Monday January 21st 2019

Providing a path to safe staffing in Illinois

Knowledge is power, and the Illinois Nurses Association (INA) and a group of graduate students are working to ensure that nurses have the facts they need to ensure safe staffing in their facilities.

Specifically, they are developing a comprehensive toolkit that is aimed at educating staff nurses and others about the Illinois “Staffing by Patient Acuity” legislation, which was crafted by INA and signed into law on Aug. 24, 2007, according to INA Deputy Executive Director Sharon Canariato, MSN, MBA, RN.

INA and the Illinois Hospital Association subsequently wrote the rules, released in February 2010, which spell out how the law must be implemented in all facilities.

Briefly, the law requires every hospital to implement a staffing plan recommended by a committee of nurses comprised of at least 50 percent direct-care staff nurses. The plan must take into account a range of staffing issues, including admissions, discharges, and transfers; the complexity of each patient; the use of special equipment and patient goals; and the skill mix and experience of staff, according to INA.

While the law refers to minimum staffing levels, it’s only in the context of the other factors, such as patient acuity and skills.

Each hospital is mandated to identify an acuity model, or assessment tool, for each inpatient unit that provides flexibility so the required nursing skills are always aligned with changing patient needs.

Further, the staffing plan must be posted in an easily accessible location for patients and staff, and the nursing care/staffing committee must evaluate its effectiveness semi-annually.

Powerful law, lesser awareness

INA’s efforts to get the law enacted was a great achievement for staff nurses and patients. However, it became clear that nurses needed more information about the landmark measure.

“I noticed that when I gave presentations around the state, [a number of] staff nurses didn’t know the law existed,” said Canariato, who also is a member of the American Nurses Association’s (ANA) Congress on Nursing Practice and Economics. “I realized we needed to provide nurses with something concrete that would help them lead efforts to implement the law in their hospitals.”

In the meantime, several graduate nurses at Lewis University’s College of Nursing and Health Professions were trying to determine the focus of their practicum. After Canariato spoke with some of them about the acuity law, she and the students decided to team up to create the toolkit.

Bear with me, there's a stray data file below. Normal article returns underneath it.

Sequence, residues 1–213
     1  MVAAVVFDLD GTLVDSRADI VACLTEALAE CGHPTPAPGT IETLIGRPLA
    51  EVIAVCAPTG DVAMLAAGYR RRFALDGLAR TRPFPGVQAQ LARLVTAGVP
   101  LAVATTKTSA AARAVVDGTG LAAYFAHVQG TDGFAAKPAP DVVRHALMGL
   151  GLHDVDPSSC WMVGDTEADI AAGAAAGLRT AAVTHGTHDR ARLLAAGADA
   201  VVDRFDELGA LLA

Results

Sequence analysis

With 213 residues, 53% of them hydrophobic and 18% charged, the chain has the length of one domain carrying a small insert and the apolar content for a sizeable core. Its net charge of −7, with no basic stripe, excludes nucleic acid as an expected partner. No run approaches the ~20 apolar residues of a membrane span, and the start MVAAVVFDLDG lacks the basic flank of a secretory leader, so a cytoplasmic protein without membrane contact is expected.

“A lot of nurses feel frustrated, overworked, and believe they can’t do anything about it,” said Nadyne Spurlock, BSN, RN, a nurse educator for the telemetry department at Palos Community Hospital and one of four graduate students from the education track who are working on the toolkit. “My hope is the toolkit will help nurses in the workplace understand that there is law that can help them provide enhanced care and better patient outcomes.”

The STAT (Staffing to Acuity Toolkit) Workbook is comprised of four modules, Spurlock explained. The first module focuses on the law itself, and it was previewed at a webinar INA hosted Nov. 9, 2010. It includes information on the law’s history, its dual purpose of promoting patient safety and enhancing nurses’ work environment; and detailed aspects of its two major components: the required written staffing plan and the nursing care committee responsible for drafting and evaluating the plan.

Canariato said modules will address other major factors, including the following:

• Guidance for recruiting nurses for the nursing care committee/staffing committee and helping them build their voice.

• Other key measures related to the staffing law, such as the “Hospital Report Card Act,” the “Hospital Licensing Act,” and the Joint Commission standard.

• Suggested strategies to either develop and roll out a staffing plan, or compare an existing one against state law.

• Guidance in taking committee minutes, developing policies and procedures, and strategies to deal with unresolved problems.

The toolkit utilizes many examples, scenarios, and checklists to make it as user-friendly as possible, according to Canariato and Melissa Dean, BSN, one of the four graduate students in the administration track working on the project and an ANA member.

It will be available in a hard-copy workbook, and some of the modules will allow for self-study and continuing education credit. Additionally, there will be modules available by webinar, and INA and the graduate students will be available for consultations to bring the toolkit live to hospitals to assist nurses at their worksites.

Beyond creating the toolkit, the graduate students created a survey for INA to use to cast a wider net in assessing staff nurses’ knowledge of the law, their hospitals’ implementation of the law, and their own sense of empowerment regarding staffing issues, according to Dean, who’s also the clinical and business manager of perioperative services at Mercy Medical Center in Dubuque, IA, and former Illinois resident.

Added Dean, “We’re pleased Illinois [lawmakers] passed this law that empowers nurses to make staffing decisions.”

That said, the students also are creating a marketing plan so staff nurses know about the toolkit, and in turn, this empowering law.

For more information, go to INA’s website at www.illinoisnurses.com.

— Susan Trossman is the senior reporter for The American Nurse.

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